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The Spokesman-Review Newspaper The Spokesman-Review

Tuesday, October 27, 2020  Spokane, Washington  Est. May 19, 1883
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State making headway on rail safety

A couple of recent developments show that Washington state is doing what it can to ensure safer passage and to develop an emergency response strategy.

Stuckart to ask City Council to reconsider ballot measure fining coal, oil trains

City Council President Ben Stuckart said it may have been “hasty” to ask voters if the city should fine coal and oil train operators and will ask the measure be withdrawn from the ballot at the council meeting Monday. Opponents had said the council was stepping on the toes of Congress and the Department of Transportation by considering the ban.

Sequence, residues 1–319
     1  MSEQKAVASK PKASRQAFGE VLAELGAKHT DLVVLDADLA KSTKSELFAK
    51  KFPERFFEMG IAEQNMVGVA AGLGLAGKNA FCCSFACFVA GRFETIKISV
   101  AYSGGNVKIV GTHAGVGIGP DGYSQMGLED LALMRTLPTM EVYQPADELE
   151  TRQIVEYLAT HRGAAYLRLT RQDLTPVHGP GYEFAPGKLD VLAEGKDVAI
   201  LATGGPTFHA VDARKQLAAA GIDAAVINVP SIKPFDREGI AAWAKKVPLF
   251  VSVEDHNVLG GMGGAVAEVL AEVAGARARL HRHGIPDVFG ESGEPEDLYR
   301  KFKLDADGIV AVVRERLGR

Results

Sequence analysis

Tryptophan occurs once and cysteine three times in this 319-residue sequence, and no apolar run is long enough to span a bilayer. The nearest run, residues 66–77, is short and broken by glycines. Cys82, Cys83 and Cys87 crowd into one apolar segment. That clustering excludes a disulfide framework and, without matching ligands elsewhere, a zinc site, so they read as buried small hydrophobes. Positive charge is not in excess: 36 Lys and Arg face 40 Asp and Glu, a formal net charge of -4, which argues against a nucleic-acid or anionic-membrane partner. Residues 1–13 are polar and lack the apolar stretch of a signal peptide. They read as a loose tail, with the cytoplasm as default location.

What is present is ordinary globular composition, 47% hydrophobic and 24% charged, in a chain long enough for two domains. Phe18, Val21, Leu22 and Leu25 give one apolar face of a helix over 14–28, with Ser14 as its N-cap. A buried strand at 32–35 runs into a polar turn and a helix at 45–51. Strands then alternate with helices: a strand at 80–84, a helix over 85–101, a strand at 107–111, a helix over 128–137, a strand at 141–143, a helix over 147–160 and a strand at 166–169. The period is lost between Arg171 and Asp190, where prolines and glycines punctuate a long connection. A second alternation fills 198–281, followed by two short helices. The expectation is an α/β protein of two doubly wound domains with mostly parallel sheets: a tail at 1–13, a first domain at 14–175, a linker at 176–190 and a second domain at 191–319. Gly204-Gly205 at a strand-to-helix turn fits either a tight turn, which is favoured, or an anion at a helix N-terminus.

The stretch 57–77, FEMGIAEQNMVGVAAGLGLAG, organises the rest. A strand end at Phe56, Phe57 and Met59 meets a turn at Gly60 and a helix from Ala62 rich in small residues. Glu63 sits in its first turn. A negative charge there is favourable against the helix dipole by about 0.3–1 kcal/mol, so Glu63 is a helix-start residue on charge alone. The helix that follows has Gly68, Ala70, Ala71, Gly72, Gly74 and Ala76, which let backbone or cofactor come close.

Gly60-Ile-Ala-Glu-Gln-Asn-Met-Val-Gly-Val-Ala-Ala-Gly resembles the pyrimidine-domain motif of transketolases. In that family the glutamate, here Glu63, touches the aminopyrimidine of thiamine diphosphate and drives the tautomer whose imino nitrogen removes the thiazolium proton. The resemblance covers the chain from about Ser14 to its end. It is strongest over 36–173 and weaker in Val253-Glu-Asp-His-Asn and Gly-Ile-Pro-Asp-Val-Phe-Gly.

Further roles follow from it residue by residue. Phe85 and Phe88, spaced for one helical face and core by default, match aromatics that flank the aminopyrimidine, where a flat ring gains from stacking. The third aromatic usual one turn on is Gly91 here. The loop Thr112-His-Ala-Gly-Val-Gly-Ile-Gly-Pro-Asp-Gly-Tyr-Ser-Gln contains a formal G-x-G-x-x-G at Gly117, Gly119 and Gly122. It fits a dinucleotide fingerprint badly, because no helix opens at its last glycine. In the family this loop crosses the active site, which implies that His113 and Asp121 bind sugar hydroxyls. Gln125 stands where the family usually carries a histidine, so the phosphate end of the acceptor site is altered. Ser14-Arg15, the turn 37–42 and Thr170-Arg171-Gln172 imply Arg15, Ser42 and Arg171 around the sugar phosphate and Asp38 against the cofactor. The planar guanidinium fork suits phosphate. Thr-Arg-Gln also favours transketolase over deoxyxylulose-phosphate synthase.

Slow progress seen on rupture-prone rail cars

Slow progress has been made on efforts to upgrade or replace tens of thousands of rupture-prone rail cars used to transport oil and ethanol, despite numerous fiery derailments that prompted new rules for the industry, U.S. safety officials said Tuesday.

West Coast states meet to share oil spill-response efforts

Washington and Oregon environmental regulators said Tuesday that regional coordination and planning exercises such as drills aided in their response to the fiery train derailment along the Columbia River earlier this month.

Shawn Vestal: Safety upgrades for rail tank cars coming much too slowly

Something to consider about the 30,000-gallon tank cars full of Bakken crude oil that regularly pass through Spokane: The oil industry says the “arbitrary, capricious” federal government must give it more time to make the cars safer. The leaking tank cars in Mosier suggest otherwise.